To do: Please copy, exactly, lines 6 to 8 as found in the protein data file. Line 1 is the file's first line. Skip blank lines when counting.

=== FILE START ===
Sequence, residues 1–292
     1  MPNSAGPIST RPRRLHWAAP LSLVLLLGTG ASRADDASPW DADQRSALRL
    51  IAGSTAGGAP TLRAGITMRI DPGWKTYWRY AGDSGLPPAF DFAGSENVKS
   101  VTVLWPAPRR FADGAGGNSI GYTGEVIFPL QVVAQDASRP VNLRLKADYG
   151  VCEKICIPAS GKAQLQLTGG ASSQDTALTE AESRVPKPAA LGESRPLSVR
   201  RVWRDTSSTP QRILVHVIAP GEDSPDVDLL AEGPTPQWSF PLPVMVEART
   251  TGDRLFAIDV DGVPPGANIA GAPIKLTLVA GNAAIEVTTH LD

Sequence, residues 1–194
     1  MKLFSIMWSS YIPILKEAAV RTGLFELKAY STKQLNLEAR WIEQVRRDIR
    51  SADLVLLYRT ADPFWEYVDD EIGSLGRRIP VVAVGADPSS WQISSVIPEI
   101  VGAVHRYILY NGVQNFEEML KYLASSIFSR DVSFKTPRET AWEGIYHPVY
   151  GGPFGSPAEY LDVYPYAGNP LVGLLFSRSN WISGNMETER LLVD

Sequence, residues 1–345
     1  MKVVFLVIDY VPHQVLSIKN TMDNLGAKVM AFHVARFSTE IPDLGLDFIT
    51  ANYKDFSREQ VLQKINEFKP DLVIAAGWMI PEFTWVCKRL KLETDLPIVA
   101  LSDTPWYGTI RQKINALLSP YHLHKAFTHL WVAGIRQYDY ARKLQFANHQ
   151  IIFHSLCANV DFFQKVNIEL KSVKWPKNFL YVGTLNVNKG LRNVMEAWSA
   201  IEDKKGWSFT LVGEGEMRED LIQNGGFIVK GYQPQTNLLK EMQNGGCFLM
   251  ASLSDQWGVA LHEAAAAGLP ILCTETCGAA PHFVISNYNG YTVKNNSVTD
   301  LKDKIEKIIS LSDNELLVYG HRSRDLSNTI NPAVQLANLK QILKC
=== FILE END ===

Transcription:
   201  RVWRDTSSTP QRILVHVIAP GEDSPDVDLL AEGPTPQWSF PLPVMVEART
   251  TGDRLFAIDV DGVPPGANIA GAPIKLTLVA GNAAIEVTTH LD

Sequence, residues 1–194